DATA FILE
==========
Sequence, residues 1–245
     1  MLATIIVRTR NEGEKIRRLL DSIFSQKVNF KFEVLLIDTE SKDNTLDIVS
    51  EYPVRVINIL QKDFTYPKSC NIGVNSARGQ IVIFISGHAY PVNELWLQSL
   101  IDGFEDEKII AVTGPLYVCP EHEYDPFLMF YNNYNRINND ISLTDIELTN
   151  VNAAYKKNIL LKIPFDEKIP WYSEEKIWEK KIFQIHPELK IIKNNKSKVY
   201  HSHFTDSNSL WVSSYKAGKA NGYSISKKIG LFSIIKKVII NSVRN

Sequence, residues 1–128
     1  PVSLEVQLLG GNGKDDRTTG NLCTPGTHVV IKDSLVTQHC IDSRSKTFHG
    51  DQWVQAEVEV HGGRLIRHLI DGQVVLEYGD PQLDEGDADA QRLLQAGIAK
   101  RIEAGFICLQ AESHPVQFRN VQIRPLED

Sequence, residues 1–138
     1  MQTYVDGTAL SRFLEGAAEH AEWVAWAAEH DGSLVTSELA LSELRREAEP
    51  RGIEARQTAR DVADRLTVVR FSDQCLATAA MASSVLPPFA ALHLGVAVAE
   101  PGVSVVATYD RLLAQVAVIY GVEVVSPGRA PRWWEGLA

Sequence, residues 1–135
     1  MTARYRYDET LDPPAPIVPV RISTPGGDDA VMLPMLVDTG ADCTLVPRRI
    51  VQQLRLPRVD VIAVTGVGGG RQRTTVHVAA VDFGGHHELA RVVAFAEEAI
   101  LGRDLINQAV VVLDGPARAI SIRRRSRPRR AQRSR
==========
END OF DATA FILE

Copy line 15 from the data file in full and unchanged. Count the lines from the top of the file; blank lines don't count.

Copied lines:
Sequence, residues 1–135